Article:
Allen Park — Like many typical jobs, NFL players have plenty of work-related topics to discuss during their work day.
As the Lions prepared Wednesday for their second preseason game against the New York Jets, the topic of President Donald Trump’s controversial comments Tuesday about last weekend’s protests in Charlottesville, Virginia, was almost unavoidable.
“It’s definitely tough. What’s most disheartening is people try to make excuses for certain behaviors, especially people with positions of influence, still making excuses for specifically what happened in Virginia,” running back Ameer Abdullah said. “For me, that’s the most disheartening thing.
“We know what the issue is; it’s been laid out before us. We just need more people on board who won’t make excuses but will make change.”
When asked whether he was referring to Trump, Abdullah answered: “Him and his followers.”
The NFL has become a cauldron for political and social issues, including the fallout in the past year from Colin Kaepernick’s national anthem protests. LeBron James added his commentary to the fray on Tuesday, opening opportunities for other athletes to voice their opinions.
“Guys speak up and people feel differently about it because you see things in your career and sometimes you feel like you have to make a choice: Do I speak out and say what’s right or do I hide from the truth to save my career?” safety Glover Quin said. “Guys are on different levels. LeBron is definitely a guy who doesn’t have to worry about his career. I don’t think a guy should be blackballed because he speaks about what’s right.
“Right is right and wrong is wrong and it just is what it is — what’s happening right now just isn’t right.”
It’s become a common narrative that athletes and coaches should stick to sports topics and not mix politics and social issues in with sports, which many view as an escape from the heavier themes.
But given their platform, many athletes are using the opportunity to speak out.
“They’re men and have their own opinions. I expressed to them: look at the world, have your own comments,” coach Jim Caldwell said. “They’re not robots and they do have feelings; some have grown up in those communities where they have all kinds of issues — and I don’t think they should have to be quiet.”
Players have their own individual thoughts about whether they’ll share their personal views publicly, given the backlash that sometimes comes with discussion controversial topics.”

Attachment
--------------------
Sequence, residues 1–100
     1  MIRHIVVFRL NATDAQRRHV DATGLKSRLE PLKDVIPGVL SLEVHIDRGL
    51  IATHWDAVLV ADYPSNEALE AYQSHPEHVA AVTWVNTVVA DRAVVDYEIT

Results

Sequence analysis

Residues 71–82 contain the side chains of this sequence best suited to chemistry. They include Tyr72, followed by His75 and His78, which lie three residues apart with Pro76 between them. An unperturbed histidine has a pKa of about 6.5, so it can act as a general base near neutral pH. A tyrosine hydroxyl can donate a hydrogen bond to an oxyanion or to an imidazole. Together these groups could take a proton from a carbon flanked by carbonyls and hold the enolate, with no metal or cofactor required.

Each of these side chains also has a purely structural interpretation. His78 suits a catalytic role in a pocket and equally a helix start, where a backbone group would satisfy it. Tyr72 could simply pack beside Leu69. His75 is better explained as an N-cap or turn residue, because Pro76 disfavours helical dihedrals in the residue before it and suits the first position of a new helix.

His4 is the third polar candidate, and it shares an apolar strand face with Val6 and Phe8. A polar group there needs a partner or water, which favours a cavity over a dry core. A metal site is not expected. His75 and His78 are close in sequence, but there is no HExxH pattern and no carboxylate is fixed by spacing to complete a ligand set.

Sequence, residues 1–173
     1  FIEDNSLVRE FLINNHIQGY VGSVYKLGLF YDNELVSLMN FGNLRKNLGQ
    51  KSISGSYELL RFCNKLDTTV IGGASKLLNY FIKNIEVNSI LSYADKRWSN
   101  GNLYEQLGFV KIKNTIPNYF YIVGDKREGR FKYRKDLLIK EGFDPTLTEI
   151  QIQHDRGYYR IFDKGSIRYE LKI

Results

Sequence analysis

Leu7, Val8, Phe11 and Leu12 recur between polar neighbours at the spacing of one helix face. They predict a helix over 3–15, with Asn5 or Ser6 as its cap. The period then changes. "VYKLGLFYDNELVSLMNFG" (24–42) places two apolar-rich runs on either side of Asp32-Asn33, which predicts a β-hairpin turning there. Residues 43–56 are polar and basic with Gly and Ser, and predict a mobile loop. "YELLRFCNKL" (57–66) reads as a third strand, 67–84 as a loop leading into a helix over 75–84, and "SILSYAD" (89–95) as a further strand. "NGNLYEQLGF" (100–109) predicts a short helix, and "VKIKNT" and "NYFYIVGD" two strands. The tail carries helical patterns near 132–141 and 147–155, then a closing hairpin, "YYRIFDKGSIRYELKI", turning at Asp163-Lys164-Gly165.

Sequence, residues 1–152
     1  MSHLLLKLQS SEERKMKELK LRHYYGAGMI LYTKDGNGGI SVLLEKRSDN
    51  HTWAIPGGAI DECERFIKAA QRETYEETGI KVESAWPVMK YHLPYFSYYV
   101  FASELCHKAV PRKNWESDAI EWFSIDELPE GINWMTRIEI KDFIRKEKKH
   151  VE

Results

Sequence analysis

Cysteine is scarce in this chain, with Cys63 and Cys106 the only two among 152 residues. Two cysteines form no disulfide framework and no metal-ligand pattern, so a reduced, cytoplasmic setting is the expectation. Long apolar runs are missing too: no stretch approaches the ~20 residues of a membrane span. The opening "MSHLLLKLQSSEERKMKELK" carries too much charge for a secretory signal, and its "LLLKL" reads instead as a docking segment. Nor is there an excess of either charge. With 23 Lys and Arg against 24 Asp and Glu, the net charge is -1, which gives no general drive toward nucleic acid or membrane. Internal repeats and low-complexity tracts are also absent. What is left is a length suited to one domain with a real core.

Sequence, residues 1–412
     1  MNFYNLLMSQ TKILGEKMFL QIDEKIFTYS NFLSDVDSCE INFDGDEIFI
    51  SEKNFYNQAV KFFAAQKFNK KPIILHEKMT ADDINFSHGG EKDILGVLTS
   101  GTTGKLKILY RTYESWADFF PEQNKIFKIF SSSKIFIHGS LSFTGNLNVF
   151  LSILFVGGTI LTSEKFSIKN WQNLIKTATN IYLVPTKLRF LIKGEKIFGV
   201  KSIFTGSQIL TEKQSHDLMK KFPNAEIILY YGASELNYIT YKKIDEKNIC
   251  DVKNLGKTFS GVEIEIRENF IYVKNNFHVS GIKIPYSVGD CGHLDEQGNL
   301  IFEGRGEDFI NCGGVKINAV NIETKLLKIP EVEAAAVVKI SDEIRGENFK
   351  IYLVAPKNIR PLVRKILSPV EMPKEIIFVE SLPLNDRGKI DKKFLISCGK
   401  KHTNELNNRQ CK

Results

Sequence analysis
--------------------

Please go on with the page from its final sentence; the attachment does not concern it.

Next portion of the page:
It’s a personal choice, but Abdullah said it’s something he’s long felt comfortable doing, leaning on his father’s insistence that if he doesn’t stand for something, he’ll fall for anything.
“It’s definitely a hot-button topic. I don’t really pick and choose specific moments (to speak out); if something hits me and I feel like I need to get it off my chest, I’m not necessarily going to hold my tongue to do so — especially if it’s something that I think is right.
“You get the people who want athletes to stick to sports, which to some degree, I understand — but at the same time, I am a citizen in this country and a taxpayer and I feel like what I have to say is important. People who do follow me and do understand my sentiment will appreciate that.”
Veteran Bademosi weighs in
The discourse is especially impactful for veteran defensive back Johnson Bademosi, whose parents are both first-generation Nigerian immigrants. He grew up in the Washington, D.C. area and has some strong thoughts on national politics.
“It’s upsetting to see how the leaders are responding to certain things. People died in Virginia, and to me, this doesn’t seem like a ‘both sides’ thing,” Bademosi said. “It’s very clear what’s going on. It’s very clear these nationalist groups are upset for reasons, being violent and acting out in a way that’s ridiculous.
“We all owe it to ourselves and this country to do whatever we can do to change that, even if it’s a conversation with somebody.”
Some of those discussions can happen in the locker room with teammates or out on the field, but they stressed the importance is talking through the issues and getting different points of view to gain a better understanding.
“When we talk about politics or religion, things can get heated, but at the end of the day, we have a love and respect for each other because of the same thing at the end of the day, which is winning football games and being good teammates,” Bademosi said. “When you’re in that kind of situation, you can have healthy dialogue.”